May 8, 2019

Council Introduces Ordinance to Change Meter Times, Rates

By Anne Levin

At a meeting of Princeton Council Monday evening, the governing body voted unanimously to introduce an ordinance that, if adopted, will make much-demanded changes to the meter rates and times in downtown Princeton. A public hearing on the issue is May 28.

The meters that currently allow two hours of parking will be changed to three hours, and parking at all three-hour meters will be $1.75 an hour. The two-hour meters currently cost $2.25 an hour, while the three-hour meters have been $1.50 an hour. Fifteen-minute and 30-minute meters will continue in some locations. The 10-minute grace period that was part of the town’s old parking system will not be installed at this time.

All-day parking spots that were 75 cents an hour will be raised to $1 an hour. And in the Dinky train station lot, all-day parking has been upped from $4 to $5. These upward adjustments make the changes revenue-neutral. Merchants have complained that their businesses have suffered since the town installed new meters and raised rates late last year.

The revamping of Princeton’s parking system has been a topic of numerous meetings over the past few months, particularly between the municipality and members of the Princeton Merchants Association (PMA). Before Council voted Monday on the revisions to the plan, Mayor Liz Lempert thanked the merchants, the municipal staff, the Citizens Finance Advisory Committee, and members of the public for their work on fixing the issue.

In turn, PMA president Jack Morrison thanked the Council. “We wanted to be deficit neutral, and we’re now creating the entire town as one district,” he said. Dorothea Von Moltke of Labyrinth Books added that the process of re-adjusting the times and rates brought the merchants closer together. “Now, we’re ready to get the word out to people who said they’re not coming to downtown anymore, to bring them back,” she said.

Council held a special work session on the parking plan last month, focusing on recommendations made by the PMA. The organization had done a survey that found that the changes, which were put into place just before the holiday shopping season, had a “chillingly negative” effect on business. Since that meeting, the Pins and Needles knitting shop on Chambers Street closed its doors, blaming the parking changes as well as online retail.

Changes to meter fees and times will go into effect sometime after June 17, on a rolling basis. “We will figure out a very vigorous communication plan,” said Municipal Administrator Marc Dashield.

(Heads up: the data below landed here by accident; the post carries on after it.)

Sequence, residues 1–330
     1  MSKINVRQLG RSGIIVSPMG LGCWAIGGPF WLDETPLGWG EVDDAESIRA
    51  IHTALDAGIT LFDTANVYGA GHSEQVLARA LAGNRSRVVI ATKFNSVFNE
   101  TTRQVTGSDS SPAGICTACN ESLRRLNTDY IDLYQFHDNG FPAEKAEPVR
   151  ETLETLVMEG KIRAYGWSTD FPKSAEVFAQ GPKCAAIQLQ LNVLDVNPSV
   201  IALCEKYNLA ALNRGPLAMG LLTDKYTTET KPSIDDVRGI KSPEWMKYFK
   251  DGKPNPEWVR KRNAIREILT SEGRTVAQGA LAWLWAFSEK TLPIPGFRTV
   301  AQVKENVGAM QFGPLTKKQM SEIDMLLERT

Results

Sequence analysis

Dashield also provided details on a plan for parking ambassadors, who will be stationed throughout the town to help those having difficulty navigating the meters’ digital technology. Parking enforcement officers and some municipal staff members will be out and about wearing T-shirts to identify them, he said.

Dashield also recommended that Council authorize indefinite use of Smart Cards in the Spring Street Garage. But he warned that the technology in the garage is old and will not be reinvested in when it goes down. Smart Card holders can transfer balances on their cards to the PassportParking wallet app, on a voluntary basis. A detailed timeline for these changes should be available by the next Council meeting.

Council members Eve Niedergang and Tim Quinn recommended that instruction for those who have difficulty using the app should be available, possibly by tech-savvy high school students who could participate in the parking ambassadors program. Council President Jenny Crumiller commented that the app is not difficult to use, and encouraged people to try it. Council member Leticia Fraga agreed that the app is easy to use, but hasn’t always worked. “So hopefully, we’re tracking it,” she said.

Dashield also outlined a plan for a future ordinance related to tour buses. Those of a certain size will only be permitted to park on Alexander Street, across from the Dinky station, at parking spots that would be $20 an hour. That fee is in line with those in other communities that have a lot of traffic from tour buses, he said.

A map will be developed for the buses, which regularly drop off tourists in front of the Princeton University campus on Nassau Street. The buses are supposed to park on Alexander Street while waiting to return to pick up their passengers, but they sometimes park elsewhere. The measure will be brought in front of Council next month, Dashield said.